30 September 2007

United States Hands Ahmadinejad a Win

Iranian President Mahmoud Ahmadinejad came to the US a weak man. His promises on the economy are unfulfilled, his ability to govern a joke. He left a hero to the Iranian people and probably a hero to much of the Arab world too.
Bollinger clearly had an American audience in mind when he denounced the Iranian leader to his face as a "cruel" and "petty dictator" and described his Holocaust denial as designed to "fool the illiterate and the ignorant." Bollinger's remarks may have taken him off the hook with his domestic critics, but when it came to the international media audience that really counted, Ahmadinejad already had carried the day. The invitation to speak at Columbia already had given him something totalitarian demagogues -- who are as image-conscious as Hollywood stars -- always crave: legitimacy. Bollinger's denunciation was icing on the cake, because the constituency the Iranian leader cares about is scattered across an Islamic world that values hospitality and its courtesies as core social virtues. To that audience, Bollinger looked stunningly ill-mannered; Ahmadinejad dignified and restrained.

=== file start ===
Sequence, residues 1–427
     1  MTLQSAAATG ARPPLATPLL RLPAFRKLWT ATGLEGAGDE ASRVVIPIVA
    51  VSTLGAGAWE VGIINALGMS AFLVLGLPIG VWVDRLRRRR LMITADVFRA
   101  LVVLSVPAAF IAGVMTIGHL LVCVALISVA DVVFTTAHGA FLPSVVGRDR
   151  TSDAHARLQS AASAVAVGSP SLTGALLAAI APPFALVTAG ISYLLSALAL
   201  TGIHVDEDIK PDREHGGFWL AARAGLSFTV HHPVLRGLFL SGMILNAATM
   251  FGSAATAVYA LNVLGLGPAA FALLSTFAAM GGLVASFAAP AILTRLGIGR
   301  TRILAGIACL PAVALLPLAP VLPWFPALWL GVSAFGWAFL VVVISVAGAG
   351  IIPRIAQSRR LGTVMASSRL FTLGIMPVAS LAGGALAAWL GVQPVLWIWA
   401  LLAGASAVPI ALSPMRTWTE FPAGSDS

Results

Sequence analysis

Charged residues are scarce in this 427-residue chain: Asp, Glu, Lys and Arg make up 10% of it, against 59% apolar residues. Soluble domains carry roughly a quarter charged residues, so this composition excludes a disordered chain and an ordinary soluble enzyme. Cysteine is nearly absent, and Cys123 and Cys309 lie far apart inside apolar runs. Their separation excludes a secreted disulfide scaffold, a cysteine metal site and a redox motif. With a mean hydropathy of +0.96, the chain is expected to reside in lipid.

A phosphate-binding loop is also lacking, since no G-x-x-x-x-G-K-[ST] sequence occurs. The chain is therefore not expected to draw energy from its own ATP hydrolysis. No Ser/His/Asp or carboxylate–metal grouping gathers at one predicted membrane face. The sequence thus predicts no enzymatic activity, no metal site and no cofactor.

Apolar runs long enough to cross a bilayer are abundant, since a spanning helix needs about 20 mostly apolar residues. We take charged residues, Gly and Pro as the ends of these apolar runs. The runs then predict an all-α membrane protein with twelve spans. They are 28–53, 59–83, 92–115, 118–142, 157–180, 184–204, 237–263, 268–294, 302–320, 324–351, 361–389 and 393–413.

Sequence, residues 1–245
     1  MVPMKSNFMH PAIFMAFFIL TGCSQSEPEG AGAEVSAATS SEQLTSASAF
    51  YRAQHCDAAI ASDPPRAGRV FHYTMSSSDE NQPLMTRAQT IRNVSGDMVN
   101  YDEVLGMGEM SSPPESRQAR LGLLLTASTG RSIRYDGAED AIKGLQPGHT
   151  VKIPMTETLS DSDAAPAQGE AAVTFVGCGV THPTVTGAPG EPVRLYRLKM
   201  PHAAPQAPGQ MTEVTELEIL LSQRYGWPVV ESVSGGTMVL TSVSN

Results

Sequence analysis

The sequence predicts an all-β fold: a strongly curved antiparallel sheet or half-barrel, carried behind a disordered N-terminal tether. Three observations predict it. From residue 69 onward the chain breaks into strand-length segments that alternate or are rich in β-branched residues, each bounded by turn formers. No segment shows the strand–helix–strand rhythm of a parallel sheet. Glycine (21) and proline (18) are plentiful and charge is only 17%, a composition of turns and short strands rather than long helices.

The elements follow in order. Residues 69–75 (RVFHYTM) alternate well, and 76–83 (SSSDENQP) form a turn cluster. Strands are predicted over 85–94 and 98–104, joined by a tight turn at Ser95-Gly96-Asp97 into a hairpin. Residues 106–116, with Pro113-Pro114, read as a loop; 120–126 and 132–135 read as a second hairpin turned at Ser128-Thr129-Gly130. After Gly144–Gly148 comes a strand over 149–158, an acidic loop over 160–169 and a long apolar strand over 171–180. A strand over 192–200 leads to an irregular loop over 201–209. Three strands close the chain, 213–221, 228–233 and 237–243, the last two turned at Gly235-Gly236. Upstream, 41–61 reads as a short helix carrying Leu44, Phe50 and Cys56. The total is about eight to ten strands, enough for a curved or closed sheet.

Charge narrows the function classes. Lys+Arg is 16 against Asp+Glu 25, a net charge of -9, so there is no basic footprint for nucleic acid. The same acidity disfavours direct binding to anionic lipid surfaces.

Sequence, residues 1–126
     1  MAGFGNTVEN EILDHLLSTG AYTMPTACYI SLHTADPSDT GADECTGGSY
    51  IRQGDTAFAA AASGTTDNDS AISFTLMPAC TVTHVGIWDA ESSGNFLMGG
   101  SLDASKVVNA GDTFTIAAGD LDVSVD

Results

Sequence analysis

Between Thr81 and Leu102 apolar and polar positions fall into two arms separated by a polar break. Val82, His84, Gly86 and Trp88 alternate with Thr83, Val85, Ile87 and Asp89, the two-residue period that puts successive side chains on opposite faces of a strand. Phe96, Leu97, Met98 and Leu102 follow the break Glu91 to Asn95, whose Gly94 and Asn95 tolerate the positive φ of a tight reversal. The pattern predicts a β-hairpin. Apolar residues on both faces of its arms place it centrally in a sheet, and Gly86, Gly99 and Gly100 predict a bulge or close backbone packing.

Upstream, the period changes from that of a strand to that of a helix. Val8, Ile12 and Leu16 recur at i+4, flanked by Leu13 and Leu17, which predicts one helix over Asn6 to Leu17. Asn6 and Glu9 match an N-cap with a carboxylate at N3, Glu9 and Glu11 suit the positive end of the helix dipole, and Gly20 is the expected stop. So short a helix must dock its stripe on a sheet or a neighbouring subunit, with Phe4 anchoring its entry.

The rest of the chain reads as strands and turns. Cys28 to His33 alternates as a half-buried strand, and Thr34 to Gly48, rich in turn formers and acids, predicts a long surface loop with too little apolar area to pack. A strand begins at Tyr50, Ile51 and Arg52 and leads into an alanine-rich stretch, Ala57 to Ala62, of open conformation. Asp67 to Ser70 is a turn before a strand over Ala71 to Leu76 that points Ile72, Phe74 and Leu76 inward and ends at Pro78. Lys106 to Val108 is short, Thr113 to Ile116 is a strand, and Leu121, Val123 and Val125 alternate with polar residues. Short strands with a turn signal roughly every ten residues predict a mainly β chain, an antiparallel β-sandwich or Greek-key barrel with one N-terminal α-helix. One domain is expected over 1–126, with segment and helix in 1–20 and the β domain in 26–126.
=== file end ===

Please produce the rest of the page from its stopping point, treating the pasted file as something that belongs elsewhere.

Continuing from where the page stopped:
Back in Tehran, Mohsen Mirdamadi, a leading Iranian reformer and Ahmadinejad opponent, said Bollinger's blistering remarks "only strengthened" the president back home and "made his radical supporters more determined," According to an Associated Press report, "Many Iranians found the comments insulting, particularly because in Iranian traditions of hospitality, a host should be polite to a guest, no matter what he thinks of him.
It's more than that the Presidency of Iran is a very weak office. One need only look at his the failure of predecessor, Mohammad Khatami, an erstwhile reformer, to engage in even the most mild of anti-corruption activities.


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